By Barbara Goldberg
NEWYORK (Reuters) – Keith Bottum blames his inner child when asked why a grown man was spending a recent pre-Halloween evening wandering among the tombs of New York’s Woodlawn Cemetery, the final resting place of famous American celebrities, from jazz great Duke Ellington to one of the most infamous spirits of the silent film era.
“It puts a little thrill in you when you’re walking around at night to see the spooky mausoleums and the headstones,” said Bottum as he toured the ornate burial ground in New York’s Bronx borough. “I’m 35 going on 12.”
Guided excursions through historic graveyards such as Woodlawn, home of the Moonlight Illuminated Mausoleum Tour, have become a hot ticket across the United States around Halloween, celebrated on Oct. 31. The tours are a small slice of what has grown into a multi-billion dollar holiday industry – ranging from food and drinks to costumes and entertainment – designed to excite and amuse adults as much as their children.
On the cemetery circuit, celebrity spirits are the big draw. Beer baron Frederick Pabst lies in Milwaukee’s Forest Home Cemetery, and “Gone With The Wind” author Margaret Mitchell is a highlight of Atlanta’s Oakland Cemetery.
Rich in history and stunning in architectural detail, all three cemeteries are listed on the U.S. National Park Service’s National Register of Historic Places.
Woman’s rights activist Elizabeth Cady Stanton is among the many famous people interred at Woodlawn. But tour guide Nestor Danyluk says perhaps the most intriguing soul who inhabits the graveyard is Olive Thomas – hardly a household name today but a silent film starlet in the early 1900s who was known as “Everybody’s Sweetheart.”
Thomas was a one-time Ziegfeld Follies chorus girl whose ghost is said to haunt the New Amsterdam Theatre, current home of the Broadway musical “Aladdin.”
Thomas was married to actor Jack Pickford and died at age 25 in 1920 after drinking poison at a Paris hotel. It was never determined whether her death was an accident, suicide or murder, said cemetery historian Susan Olsen.
“She’s a very flirtatious ghost,” Danyluk told his audience of 20 at Thomas’ granite mausoleum, adding that her spirit is said to appear at the Broadway theatre, where she once danced in shows.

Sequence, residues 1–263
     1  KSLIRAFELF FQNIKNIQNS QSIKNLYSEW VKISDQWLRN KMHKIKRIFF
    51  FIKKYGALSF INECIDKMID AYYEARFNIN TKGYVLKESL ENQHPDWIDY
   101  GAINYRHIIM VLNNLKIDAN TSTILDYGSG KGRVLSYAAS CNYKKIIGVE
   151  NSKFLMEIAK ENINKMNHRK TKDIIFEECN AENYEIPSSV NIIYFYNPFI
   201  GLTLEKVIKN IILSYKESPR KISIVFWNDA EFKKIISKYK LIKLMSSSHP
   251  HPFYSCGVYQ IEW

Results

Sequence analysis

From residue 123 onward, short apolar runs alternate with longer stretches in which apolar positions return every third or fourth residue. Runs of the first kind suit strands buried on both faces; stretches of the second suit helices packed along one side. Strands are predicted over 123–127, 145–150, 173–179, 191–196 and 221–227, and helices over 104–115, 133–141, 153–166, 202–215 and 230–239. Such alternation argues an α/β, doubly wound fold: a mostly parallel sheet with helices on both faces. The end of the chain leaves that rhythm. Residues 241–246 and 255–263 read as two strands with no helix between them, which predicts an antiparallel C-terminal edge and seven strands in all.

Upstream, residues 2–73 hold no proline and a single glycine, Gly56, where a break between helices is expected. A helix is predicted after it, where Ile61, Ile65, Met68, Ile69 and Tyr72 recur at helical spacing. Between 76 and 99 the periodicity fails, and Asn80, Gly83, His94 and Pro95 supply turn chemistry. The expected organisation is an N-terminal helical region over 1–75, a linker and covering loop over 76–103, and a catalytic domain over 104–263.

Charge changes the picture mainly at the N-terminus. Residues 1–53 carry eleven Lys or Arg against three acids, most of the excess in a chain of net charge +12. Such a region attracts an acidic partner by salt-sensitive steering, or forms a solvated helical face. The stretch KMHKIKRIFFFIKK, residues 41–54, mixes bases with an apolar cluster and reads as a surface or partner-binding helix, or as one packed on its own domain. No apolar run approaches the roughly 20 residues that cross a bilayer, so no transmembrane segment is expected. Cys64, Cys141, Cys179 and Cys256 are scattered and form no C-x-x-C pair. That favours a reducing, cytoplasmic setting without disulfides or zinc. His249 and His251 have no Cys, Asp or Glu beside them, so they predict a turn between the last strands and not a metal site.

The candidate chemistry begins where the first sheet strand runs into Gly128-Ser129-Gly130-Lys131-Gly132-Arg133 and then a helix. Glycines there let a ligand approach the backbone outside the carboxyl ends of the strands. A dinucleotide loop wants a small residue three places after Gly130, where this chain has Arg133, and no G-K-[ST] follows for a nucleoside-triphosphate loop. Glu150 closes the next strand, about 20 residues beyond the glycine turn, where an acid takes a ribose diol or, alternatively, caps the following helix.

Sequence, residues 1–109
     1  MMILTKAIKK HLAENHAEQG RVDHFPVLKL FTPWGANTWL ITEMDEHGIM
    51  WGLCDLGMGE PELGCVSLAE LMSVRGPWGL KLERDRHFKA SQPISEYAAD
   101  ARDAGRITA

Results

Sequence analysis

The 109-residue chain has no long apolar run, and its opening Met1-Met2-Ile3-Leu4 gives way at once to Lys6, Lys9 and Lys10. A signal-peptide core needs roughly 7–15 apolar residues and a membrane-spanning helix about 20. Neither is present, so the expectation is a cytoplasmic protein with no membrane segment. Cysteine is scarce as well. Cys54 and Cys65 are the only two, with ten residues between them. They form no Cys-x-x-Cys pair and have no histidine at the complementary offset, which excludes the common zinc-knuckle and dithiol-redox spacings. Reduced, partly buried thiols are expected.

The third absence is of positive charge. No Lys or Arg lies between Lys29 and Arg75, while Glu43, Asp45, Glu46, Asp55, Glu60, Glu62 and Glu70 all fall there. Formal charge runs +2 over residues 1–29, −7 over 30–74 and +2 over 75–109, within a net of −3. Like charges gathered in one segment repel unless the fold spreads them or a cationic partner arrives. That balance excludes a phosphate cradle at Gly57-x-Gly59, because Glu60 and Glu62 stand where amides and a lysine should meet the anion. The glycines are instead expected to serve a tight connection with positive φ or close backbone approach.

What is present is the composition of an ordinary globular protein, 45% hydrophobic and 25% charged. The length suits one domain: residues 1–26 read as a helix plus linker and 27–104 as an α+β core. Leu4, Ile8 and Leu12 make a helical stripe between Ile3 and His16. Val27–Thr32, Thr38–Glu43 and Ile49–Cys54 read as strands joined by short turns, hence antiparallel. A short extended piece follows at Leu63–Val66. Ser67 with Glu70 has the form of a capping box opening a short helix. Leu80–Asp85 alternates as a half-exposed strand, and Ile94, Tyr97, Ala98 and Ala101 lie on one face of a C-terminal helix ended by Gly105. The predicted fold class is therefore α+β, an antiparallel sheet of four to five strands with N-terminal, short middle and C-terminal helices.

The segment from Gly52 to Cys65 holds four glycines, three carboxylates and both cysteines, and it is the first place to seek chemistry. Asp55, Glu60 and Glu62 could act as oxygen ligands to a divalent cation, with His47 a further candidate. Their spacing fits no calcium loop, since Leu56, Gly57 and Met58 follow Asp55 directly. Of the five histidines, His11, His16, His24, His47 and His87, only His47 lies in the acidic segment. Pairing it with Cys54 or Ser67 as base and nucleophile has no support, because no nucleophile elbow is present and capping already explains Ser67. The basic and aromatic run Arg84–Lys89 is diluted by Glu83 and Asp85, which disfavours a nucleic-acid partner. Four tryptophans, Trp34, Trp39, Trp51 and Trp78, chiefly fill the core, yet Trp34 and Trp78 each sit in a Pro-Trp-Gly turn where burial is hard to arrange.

“She loves to sneak up behind men and tug on their shirts or put her hand up their pants legs. If you’re feeling an odd sensation on your calves, it could be Olive,” he said.
Despite the Halloween trappings, tour organizers say their aim is to share local history and cultivate pride in the community.
“Our tours are designed to enlighten, not frighten,” said marketing manager Angie Wynne in Atlanta, where tickets for “Capturing the Spirit of Oakland Halloween Tours” sold out months ahead, in July.
Julia Griffith, programme director at Historic Milwaukee, said volunteer guides wear Victorian-era clothing on evening tours at the 1850 cemetery where beer mogul Joseph Schlitz is interred.
“It’s not a spooky theme but they act as the various movers and shakers of Milwaukee who are buried there,” Griffith said.
Woodlawn, a 400-acre cemetery in the Bronx that opened during the American Civil War in 1863, is the final resting place for such American legends as Ellington, trumpeter Miles Davis, bandleader Lionel Hampton, songster Irving Berlin and “Moby Dick” author Herman Melville.
It also houses the stately tombs of department store moguls Frank Winfield Woolworth, James Cash Penney Jr. and Macy’s co-owner Isidor Straus. His wife’s refusal to leave his side for a rescue boat during the sinking of the Titanic was a memorable scene in films about the 1912 tragedy.
The Woodlawn tour, which invites guests to bring their own flashlights, has sold out annually since it was first offered in 2016, with more than 250 tickets snapped up this year at about $25 each, said Barbara Selesky, Woodlawn’s marketing director.
On a recent tour, Eugene Zongrone, 75, a retired banker, and his wife Theresa, 71, a retired bookkeeper, gazed at the Tiffany glass windows inside one of many marble and granite crypts that were opened for the tour.
The ornate architecture notwithstanding, the real draw for most people is to celebrate ghosts and goblins in the spirit of Halloween.
“It’s a little on the mysterious side,” said Eugene Zongrone. “It’s fun.”
(Reporting by Barbara Goldberg; Editing by Frank McGurty and Dan Grebler)